The NBA Finals, Finally

The NBA playoffs have come to their long awaited climax: the third straight Finals matchup […]

David Peterson / 6.1.17

The NBA playoffs have come to their long awaited climax: the third straight Finals matchup between the Cavaliers and Warriors. Neither team has been slowed down at all thus far. The Warriors are 12-0 and the Cavs are 12-1. The average margin of victory across the playoffs has been a disappointingly wide 13.5 points, and both teams made quick work of their conference finals foes – including 30+ point beat downs of the Spurs and Celtics, respectively. So there’s a lot of pressure on this series to deliver.

Still, there have been some memorable moments in these playoffs: the electric first round matchup of MVP hopefuls in Russell Westbrook and James Harden, John Wall and his Wizards in 7 rough games against Isaiah Thomas’s Celtics, the Grizzlies battling the Spurs. But that’s fried calamari compared to the steak and lobster that is Cavs v. Warriors. They memorably duked it out on Christmas Day, with down the stretch heroics from Kyrie Irving and highlight reel dunks from the extremely likable Richard Jefferson, who also managed to step on Kevin Durant’s foot and trip him to seal the game. Jefferson by the way is an excellent snapchat follow and hosts a funny podcast with teammate Channing Frye.

Expectations can be counted on to breed resentment and heighten pressure, lessons that Steph Curry, Lebron James and Kevin Durant have all internalized in their own way. Steph won 2 straight NBA MVP awards, but failed to take home Finals MVP both seasons. A loss here would mean a 1-2 record over the past 3 finals and 0 MVP awards, despite being the best player on the best team in the league record-wise over those 3 years, disappointing at best and career-marring at worst. Lebron is still “chasing the ghost” of MJ’s 6 titles and his best-player-of-all-time moniker, and, though he’s playing arguably the best basketball of his career, 3-5 in the Finals has nothing on Jordan’s 6-0. Although he passed Jordan’s career playoff point total this year, he needs to get 6 titles before he can be called flat-out better than Jordan.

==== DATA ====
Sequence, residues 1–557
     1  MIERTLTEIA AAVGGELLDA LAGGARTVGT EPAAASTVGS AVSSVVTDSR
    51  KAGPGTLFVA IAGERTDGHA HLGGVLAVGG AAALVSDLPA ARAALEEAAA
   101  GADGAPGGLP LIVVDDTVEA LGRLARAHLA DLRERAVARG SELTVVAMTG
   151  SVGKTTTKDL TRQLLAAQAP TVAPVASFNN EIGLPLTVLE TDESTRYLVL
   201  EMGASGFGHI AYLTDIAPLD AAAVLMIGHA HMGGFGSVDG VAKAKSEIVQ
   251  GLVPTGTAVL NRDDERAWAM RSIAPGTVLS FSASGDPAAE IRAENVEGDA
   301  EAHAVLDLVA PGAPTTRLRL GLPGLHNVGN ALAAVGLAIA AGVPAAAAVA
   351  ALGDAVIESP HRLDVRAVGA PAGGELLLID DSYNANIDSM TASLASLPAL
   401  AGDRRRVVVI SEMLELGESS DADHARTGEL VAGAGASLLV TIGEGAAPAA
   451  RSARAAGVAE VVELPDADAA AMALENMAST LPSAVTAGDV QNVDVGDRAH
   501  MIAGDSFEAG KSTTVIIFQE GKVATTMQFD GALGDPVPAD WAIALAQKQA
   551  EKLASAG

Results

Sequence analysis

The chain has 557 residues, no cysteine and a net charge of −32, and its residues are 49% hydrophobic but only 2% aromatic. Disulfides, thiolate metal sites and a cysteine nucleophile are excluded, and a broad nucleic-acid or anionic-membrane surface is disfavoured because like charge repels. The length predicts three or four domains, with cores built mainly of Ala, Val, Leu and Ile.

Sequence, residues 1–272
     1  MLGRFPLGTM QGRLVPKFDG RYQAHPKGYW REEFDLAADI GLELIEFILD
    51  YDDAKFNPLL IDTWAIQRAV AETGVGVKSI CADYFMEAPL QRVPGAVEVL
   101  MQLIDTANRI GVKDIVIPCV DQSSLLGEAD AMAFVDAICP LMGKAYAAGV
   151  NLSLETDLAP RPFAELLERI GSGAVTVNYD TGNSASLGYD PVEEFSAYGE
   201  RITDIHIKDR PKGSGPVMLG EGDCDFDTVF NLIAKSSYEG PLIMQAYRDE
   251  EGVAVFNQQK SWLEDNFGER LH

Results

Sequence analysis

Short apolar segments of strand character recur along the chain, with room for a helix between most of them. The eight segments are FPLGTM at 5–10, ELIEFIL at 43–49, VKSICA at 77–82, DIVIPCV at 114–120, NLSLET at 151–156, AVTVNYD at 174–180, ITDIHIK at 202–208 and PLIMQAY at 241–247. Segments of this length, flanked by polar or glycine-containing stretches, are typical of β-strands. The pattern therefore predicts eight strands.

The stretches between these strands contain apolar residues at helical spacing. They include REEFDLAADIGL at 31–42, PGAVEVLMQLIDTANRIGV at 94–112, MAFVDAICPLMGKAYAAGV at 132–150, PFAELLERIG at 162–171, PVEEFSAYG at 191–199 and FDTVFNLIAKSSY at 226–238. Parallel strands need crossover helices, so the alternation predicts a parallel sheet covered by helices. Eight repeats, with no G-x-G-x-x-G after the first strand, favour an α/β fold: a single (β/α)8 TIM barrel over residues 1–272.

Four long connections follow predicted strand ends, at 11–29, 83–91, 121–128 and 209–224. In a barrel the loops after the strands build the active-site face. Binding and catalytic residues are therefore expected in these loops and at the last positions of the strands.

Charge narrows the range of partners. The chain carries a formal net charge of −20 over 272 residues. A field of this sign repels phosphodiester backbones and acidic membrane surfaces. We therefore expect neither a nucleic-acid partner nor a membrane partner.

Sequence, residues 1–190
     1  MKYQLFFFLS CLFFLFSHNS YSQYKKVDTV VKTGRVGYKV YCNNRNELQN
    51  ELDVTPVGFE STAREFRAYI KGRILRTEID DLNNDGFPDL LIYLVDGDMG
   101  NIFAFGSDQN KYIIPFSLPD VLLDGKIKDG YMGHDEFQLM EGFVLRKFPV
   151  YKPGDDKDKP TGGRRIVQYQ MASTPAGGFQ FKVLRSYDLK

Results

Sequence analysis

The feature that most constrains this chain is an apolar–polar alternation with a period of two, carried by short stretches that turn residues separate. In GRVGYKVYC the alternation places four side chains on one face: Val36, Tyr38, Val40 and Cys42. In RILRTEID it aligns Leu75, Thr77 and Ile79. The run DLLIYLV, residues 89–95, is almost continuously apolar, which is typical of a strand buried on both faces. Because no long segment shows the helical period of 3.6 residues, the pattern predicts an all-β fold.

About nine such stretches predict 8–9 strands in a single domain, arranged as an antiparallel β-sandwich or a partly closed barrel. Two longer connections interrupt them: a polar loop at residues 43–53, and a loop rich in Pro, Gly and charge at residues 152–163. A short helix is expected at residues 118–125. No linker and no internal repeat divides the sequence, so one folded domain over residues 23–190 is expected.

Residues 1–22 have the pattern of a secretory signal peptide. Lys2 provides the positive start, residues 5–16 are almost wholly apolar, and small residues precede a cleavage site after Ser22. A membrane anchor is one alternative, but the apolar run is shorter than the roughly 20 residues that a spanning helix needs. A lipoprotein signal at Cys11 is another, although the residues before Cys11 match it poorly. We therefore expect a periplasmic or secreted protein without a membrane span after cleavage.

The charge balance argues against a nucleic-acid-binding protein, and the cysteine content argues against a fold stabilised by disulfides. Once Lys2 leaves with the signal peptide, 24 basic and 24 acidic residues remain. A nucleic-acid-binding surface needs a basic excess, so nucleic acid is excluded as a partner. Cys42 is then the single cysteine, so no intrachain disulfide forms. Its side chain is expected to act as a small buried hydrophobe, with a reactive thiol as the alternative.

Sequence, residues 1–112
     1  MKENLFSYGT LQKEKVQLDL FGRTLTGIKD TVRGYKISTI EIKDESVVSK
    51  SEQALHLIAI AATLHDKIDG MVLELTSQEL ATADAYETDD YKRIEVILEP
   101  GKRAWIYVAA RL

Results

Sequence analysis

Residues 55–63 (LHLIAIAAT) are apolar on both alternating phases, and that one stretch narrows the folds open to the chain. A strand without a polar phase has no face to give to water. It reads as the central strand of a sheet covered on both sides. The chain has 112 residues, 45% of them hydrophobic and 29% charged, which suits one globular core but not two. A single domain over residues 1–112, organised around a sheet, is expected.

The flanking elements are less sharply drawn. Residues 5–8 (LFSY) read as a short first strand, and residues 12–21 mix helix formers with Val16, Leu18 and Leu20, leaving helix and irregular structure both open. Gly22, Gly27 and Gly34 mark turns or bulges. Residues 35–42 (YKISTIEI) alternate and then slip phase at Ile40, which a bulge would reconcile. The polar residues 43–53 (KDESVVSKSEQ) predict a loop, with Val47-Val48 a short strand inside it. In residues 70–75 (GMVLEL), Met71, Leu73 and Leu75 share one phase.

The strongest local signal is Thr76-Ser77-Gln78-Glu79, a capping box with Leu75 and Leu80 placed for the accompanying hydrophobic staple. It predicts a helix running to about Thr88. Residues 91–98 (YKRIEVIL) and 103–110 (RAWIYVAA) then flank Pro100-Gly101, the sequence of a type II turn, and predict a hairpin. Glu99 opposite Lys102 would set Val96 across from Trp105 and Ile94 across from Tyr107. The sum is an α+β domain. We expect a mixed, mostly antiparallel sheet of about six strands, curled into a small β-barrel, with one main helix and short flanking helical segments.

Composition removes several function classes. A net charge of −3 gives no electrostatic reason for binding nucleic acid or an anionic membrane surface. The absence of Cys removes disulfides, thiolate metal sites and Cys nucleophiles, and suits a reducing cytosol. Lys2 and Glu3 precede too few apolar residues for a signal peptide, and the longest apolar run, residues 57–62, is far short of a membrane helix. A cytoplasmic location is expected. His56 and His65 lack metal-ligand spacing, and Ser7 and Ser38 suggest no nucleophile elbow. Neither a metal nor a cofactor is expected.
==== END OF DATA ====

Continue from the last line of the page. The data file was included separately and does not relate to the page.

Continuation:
As for Kevin Durant, my favorite study of human nature in all of sports, he needs to win this title in order to not look like a complete fool. And yes, we must be brought low before Christ can do His unconditional loving work on us, but it can bring out a whole slough of conflicting emotions when we watch this brutal process happen to someone else. Nihilistic glee is fun and easy, but sympathy comes tougher. Durant joined up with the Warriors last summer, a few weeks after they bounced him from the playoffs. Needless to say, Thunder fans weren’t happy. As the backlash to his leaving Oklahoma City proved, we fans naturally adopt a purchase on our favorite players. We cheer for, love and begin to identify with them. The same happens with TV-show characters, politicians, celebrities, you name it. And that’s what makes it so confounding when they, inevitably, humanize themselves. Kevin Durant could not get over the fact that people hated his decision to jump on the 73-win bandwagon. He didn’t realize that we had all been speaking through him, projecting an underdog mindset, a fiery competitiveness onto him that it should have been clear from his demeanor on the court was a fiction. The story we were telling about Durant was very different from the way he saw himself, and the disconnect there sure looked raw and human when it was revealed. You may disagree with me here, but his decision sure demanded reaction.

All this to say, there’s a lot of myth-building that occurs when we watch sports. Some of it is done by commentators and sportswriters – it’s their job after all. And some of it is our tendency to separate people into winners and losers. These tensions are on full display in the Finals. Lebron winning puts him firmly on the path to G.O.A.T. and paints Durant as a different kind of goat. Curry wins and he’s had one of the best 3-year spans in NBA history. They’re stories we sense while watching as we root for one outcome over another and often they reflect what we hold deep in our hearts. Worth some introspection? Maybe. But basketball isn’t the sport for that. It’s all instinct. And that’s why we like it so much.

Stray story lines:

  • Javale McGee got a ton of heat from Shaq via Twitter and TNT this year. An all around odd incident. But he played the basketball of his career against the Spurs and may be finally putting his shaqtin’ a fool days behind him. He’ll be tested this series.
  • Kyrie Irving thinks the world is flat. That may or may not come up during the Finals.
  • The consummate X-factor, Draymond Green, could easily wind up as the series MVP, as long as he doesn’t disqualify himself from the proceedings like he did so critically last year. No kicking, please.
  • Steph Curry has a righteous beard going.
  • Will J.R. Smith keep his shirt on if the Cavaliers win it all?
  • Lil B lifted his infamous curse on Kevin Durant when he moved to the Bay Area, but don’t be surprised if we hear from the Based God before it’s all said and done.